Maintaining “Chops” During the Break

The Fall 2012 semester ended at Ole Miss today. I have cleaned up my office a bit, submitted most of my final grades (I’m still waiting for some additional info to finalize a couple of them), and have “migrated” instruments and materials that I normally use while on campus to my home office. Students that have not already “gone home” for the break are preparing to do so. I am looking forward to a few weeks of rest, of “catching up” on reading and various projects that are necessarily neglected while school is in session, of spending time with family, and of “tweaking” syllabi and course materials in preparation for the spring semester.

The long periods of rest between semesters constitute an enviable “perk” of academic life both for faculty and students. While many students (and perhaps some faculty members!) in other fields will use the opportunity to “vegetate” and do very little, for musicians to do so would be highly irresponsible. Daily practice remains a necessity even during our time “off,” even if the intensity of that practice is reduced just a bit. The following thoughts are intended to help students (and teachers) to practice efficiently and effectively during the break while also allowing time for rest and for various activities they might wish to pursue during this time.

Set Goals and Make Plans to Achieve Them

First of all, approach practicing during the break with both short-term and long-term goals in mind, just as you (hopefully) do while school is in session. Make a mental note of big performance obligations for early in the spring semester, and take these into account when making plans. If you have a big recital planned for January or early February (as I do), then your practicing during the break will need to be as intense—if not more so—as it is while school is in session. If your heavier obligations occur later during the semester, then you might be able to give yourself an opportunity to “take it easy” just a bit. In short, look at your performance calendar for several weeks and months out, and plan your “holiday” practicing accordingly.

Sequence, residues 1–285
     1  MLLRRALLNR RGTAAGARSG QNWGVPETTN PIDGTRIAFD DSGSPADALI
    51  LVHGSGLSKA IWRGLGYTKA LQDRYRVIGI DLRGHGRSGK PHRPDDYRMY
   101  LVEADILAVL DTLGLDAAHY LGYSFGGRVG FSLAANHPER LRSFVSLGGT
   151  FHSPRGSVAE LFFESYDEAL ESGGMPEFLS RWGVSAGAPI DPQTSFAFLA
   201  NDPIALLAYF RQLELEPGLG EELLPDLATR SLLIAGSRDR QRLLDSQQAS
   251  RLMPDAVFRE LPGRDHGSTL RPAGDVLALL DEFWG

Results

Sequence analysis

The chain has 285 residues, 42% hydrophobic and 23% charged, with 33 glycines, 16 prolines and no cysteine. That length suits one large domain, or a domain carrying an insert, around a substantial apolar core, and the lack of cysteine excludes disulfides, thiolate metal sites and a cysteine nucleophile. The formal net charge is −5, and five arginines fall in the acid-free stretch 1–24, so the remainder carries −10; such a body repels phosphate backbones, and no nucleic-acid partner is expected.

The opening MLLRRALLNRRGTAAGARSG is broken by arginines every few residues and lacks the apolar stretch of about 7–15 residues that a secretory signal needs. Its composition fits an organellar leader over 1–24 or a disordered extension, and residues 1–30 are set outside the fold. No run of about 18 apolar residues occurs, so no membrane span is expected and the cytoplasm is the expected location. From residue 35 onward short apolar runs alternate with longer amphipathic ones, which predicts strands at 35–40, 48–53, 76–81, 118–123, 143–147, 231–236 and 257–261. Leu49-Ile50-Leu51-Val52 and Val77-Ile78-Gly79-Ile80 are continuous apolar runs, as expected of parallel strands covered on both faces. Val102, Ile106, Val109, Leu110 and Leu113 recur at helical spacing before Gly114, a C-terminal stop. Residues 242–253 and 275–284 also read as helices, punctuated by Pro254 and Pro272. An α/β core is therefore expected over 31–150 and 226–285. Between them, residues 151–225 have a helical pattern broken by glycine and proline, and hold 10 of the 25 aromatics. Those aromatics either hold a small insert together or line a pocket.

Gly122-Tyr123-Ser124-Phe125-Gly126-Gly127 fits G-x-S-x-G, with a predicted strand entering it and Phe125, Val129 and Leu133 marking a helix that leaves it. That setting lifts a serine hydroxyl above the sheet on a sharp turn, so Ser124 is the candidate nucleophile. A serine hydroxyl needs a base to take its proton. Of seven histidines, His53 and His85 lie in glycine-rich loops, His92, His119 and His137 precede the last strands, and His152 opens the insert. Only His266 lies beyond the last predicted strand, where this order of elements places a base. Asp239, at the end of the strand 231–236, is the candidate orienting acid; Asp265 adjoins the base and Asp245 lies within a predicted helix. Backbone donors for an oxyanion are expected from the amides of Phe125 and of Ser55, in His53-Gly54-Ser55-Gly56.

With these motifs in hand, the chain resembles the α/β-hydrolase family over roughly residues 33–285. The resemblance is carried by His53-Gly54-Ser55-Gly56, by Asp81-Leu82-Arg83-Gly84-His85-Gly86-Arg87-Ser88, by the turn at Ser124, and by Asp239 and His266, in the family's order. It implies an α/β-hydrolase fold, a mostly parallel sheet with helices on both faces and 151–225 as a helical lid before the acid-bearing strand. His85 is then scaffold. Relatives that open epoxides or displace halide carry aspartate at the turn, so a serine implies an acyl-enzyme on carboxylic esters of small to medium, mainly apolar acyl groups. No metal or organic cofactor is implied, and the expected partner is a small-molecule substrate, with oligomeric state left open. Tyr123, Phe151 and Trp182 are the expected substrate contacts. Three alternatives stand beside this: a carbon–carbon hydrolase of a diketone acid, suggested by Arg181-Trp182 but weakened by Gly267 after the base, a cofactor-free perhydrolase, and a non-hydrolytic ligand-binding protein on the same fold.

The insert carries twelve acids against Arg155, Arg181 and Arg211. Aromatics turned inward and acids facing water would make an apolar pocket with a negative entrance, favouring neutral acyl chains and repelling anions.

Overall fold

Many students use the break from school as an opportunity to take a few days off the horn entirely. Doing this for short periods once or twice per year is healthy, as it facilitates a certain degree of both physical and mental recovery. Allow me to offer two words of caution: first, plan your days off in advance, and stick to that plan. If you approach the break as a time to practice “when you feel like it” your practicing will be very erratic and you will take far too much time off on the whole. Secondly, do not take a few days or a week off and then immediately move into your regular practice routine. Start slowly and add practice time over three or four days so that you do not injure yourself. More on the second point later.

While “taking it easy” might be a healthy way to approach practicing during the break, the time can be used for extra practice, as well. Given some time without regular obligations, you might find that you can “spread out” your practicing into numerous short sessions throughout the day, a method of practicing which allows for multiple short bursts of productivity as well as ample rest. One year I practiced for six hours—in 20-minute sessions—on the day after Christmas while everyone else was out shopping. That was an EXTREMELY productive day that I still clearly remember more than ten years later.

Whether you decide to use the break from school to intensify your practicing or to relax it, take care to, as my college band director would say, “plan your work and work your plan.” This way you will ensure that your time away from school is time well spent.

The Daily Routine: The Key to “Maintenance” Practicing

Throughout my performing and teaching career, and quite honestly going all the way back to my high school days, I have been an outspoken advocate of a daily fundamentals routine as a means of maintaining and developing playing skills. I have written about that on this blog here, here, and here, and have posted a number of routines of varying lengths and levels here. My idea of a daily routine includes—but extends beyond—what one might call a “warm-up,” with the longer and more advanced routines developing quite a wide range of playing skills.

I have constructed my daily routine in such a way that not only am I “warmed up” after completing it but I have also exercised most or all of the “fundamentals” that I need to reinforce each day in order to play my best. I like to think that, as long as I complete the daily routine on a given day, I have practiced enough to maintain my playing skills; improvement and development come with whatever practicing beyond the daily routine I am able to accomplish.